When I look straight ahead, upward or into the distance, the extra light in my eye causes a band of glare that distorts what I see. This usually means that the majority of my visual field is covered with bright patches. Imagine looking through a dirty window with a bright light shining through it directly into your eye with only a small segment at the bottom of your visual field that is clear.

A side effect of the cataract surgery led to the need for a posterior-capsulotomy as my vision had become cloudy. I had previously had a vitrectomy which meant that the capsule could not be entirely detached, what this means is that in the upper left of my vision I see debris floating when I move my eyes or head. If an overhead light source is present, this causes a spinning flare of light which distorts my vision (imagine a disco ball spinning in your eye).

The first changes I made were to my work environment. My colleagues usually like to have a “window seat” or in other words a desk by a window. However, I want to be away from the glare which means being away from windows. I was fortunate to already have an interior office which had kept the light consistent without glare.

When I returned to work after the posterior-capsulotomy, I immediately found that the light above my desk caused a swirling flare of light each time I blinked. The flashes of light distracted me from my work, and I found that it took more time and concentration to achieve tasks. I worked for several weeks feeling more and more fatigued because of the extra effort to concentrate and ended up wearing a baseball cap in my office. While this cut the glare from the overhead light, it wasn’t the optimal solution as it made my visual field smaller.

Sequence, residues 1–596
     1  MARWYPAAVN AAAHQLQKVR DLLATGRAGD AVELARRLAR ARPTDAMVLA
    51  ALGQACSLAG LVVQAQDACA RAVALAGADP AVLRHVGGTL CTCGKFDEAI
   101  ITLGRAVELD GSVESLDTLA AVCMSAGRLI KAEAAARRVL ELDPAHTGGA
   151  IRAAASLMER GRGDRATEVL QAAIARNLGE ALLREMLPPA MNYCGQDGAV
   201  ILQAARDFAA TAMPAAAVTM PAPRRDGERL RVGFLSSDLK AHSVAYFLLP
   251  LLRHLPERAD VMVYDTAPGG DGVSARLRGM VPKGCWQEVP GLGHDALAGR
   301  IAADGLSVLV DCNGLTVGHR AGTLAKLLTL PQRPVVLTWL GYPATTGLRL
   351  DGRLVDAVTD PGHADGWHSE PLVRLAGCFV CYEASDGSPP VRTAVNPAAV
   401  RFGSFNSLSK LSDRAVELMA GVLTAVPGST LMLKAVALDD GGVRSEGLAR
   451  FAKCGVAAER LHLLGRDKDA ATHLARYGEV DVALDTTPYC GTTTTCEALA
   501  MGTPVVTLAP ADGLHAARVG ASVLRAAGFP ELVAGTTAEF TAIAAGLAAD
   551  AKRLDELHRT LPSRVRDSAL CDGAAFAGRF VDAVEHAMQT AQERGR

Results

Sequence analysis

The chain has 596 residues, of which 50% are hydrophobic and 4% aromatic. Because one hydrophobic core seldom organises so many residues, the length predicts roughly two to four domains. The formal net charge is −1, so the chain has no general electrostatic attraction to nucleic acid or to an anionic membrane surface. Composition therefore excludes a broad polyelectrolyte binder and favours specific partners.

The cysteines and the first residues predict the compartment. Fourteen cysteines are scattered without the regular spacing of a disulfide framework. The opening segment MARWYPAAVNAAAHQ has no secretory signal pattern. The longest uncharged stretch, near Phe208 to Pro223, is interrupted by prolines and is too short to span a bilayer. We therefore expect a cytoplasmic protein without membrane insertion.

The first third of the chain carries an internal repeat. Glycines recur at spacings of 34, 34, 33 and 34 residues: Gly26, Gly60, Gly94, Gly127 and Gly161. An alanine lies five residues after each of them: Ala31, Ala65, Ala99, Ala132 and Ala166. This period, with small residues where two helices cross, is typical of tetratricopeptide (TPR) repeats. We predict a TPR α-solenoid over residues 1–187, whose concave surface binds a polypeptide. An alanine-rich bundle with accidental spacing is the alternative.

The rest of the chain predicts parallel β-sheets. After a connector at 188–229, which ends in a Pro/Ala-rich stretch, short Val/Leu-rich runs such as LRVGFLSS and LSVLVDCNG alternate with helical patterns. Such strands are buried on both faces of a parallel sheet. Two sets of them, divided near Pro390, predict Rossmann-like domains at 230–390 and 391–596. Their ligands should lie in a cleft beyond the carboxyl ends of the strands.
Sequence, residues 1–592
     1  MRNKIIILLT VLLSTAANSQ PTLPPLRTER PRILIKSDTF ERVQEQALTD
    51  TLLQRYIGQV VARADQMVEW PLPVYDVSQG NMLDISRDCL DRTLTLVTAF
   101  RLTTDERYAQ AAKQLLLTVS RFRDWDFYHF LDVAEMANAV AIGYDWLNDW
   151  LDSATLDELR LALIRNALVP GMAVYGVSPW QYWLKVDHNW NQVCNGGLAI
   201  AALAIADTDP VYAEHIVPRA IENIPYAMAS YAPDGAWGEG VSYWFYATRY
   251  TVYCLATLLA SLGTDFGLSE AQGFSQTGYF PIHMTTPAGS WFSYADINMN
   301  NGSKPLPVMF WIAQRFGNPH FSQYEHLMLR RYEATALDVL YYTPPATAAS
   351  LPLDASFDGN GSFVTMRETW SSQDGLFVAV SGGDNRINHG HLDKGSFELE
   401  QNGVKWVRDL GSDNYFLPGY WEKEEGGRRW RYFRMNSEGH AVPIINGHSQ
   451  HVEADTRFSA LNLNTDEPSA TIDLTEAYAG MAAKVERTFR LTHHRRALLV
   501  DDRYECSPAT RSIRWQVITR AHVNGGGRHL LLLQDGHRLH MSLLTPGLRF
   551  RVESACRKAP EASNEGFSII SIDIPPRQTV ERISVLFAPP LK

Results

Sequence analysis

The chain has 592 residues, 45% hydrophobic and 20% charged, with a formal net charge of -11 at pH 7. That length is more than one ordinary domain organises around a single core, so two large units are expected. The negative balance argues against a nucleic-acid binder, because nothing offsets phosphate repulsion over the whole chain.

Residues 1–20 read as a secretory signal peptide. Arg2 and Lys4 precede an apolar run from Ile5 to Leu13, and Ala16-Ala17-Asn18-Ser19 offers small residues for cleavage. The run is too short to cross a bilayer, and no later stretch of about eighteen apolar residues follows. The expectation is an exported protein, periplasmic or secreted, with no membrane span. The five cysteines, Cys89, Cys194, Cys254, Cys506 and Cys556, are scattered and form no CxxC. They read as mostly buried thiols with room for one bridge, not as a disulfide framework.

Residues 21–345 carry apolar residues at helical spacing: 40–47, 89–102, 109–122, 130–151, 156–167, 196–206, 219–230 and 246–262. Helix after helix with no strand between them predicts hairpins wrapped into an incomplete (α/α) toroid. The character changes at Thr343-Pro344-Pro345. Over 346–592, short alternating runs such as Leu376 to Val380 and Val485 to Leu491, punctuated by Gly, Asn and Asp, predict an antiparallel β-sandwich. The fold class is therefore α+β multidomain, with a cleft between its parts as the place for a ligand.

One day I was asked by a colleague why I was wearing a hat inside, and he said, “why don’t you just get the light moved away from your desk?” I was lost for words (which is very unusual) as I had not even considered this as a possibility and it seemed like a far better solution than the baseball cap.  At my workplace, moving one light that is mounted in a ceiling panel is straightforward and was completed quickly.  This one change to the environment made a considerable difference. I was less fatigued, able to concentrate, work faster and achieve more.

I realised that subconsciously I had been trying to change myself in an attempt to keep the attention away from the difficulty I was having seeing my work.

On reflection, the reason I was changing myself rather than my environment was that I did not meet the criteria to be considered legally blind. However, I was having difficulty seeing with many of the side effects and problems that those who are legally blind have.  I needed to come to terms with the fact that my vision had deteriorated enough to impact my job.  However, Internally I felt like a fraud because I was having a light moved and engaging with other assistance provided by the blind foundation yet I was not considered legally blind.

Changing the position of the light in my office meant that colleagues began to ask why the light was moved, and I needed to come to start talking about vision impairment with colleagues.

Discussing my vision was difficult, and even today there are only a handful of colleagues that I discuss this with.  The critical breakthrough I made was to begin to describe the variability of my vision from day to day or room to room as well as the impact the environment has.  Furthermore, people started to respond more positively when I discussed the strategies I use.  For example, always walking on the right of another person, sitting with my back to windows and more.

I hope that the experiences that I have shared in this post assist others in similar situations.  The next post I will talk about finding the right pair of sunglasses (and yes there is sport wrap-around prescription sunglasses.

The combined clinician, consumer, developer and mentor voices are valuable in healthcare software development

I am privileged to span the divide between clinical healthcare, academia and the growing digital world and I often find myself translating meaning in any one of these environments for those who work in another.  To give you context, these are the groups I identify with: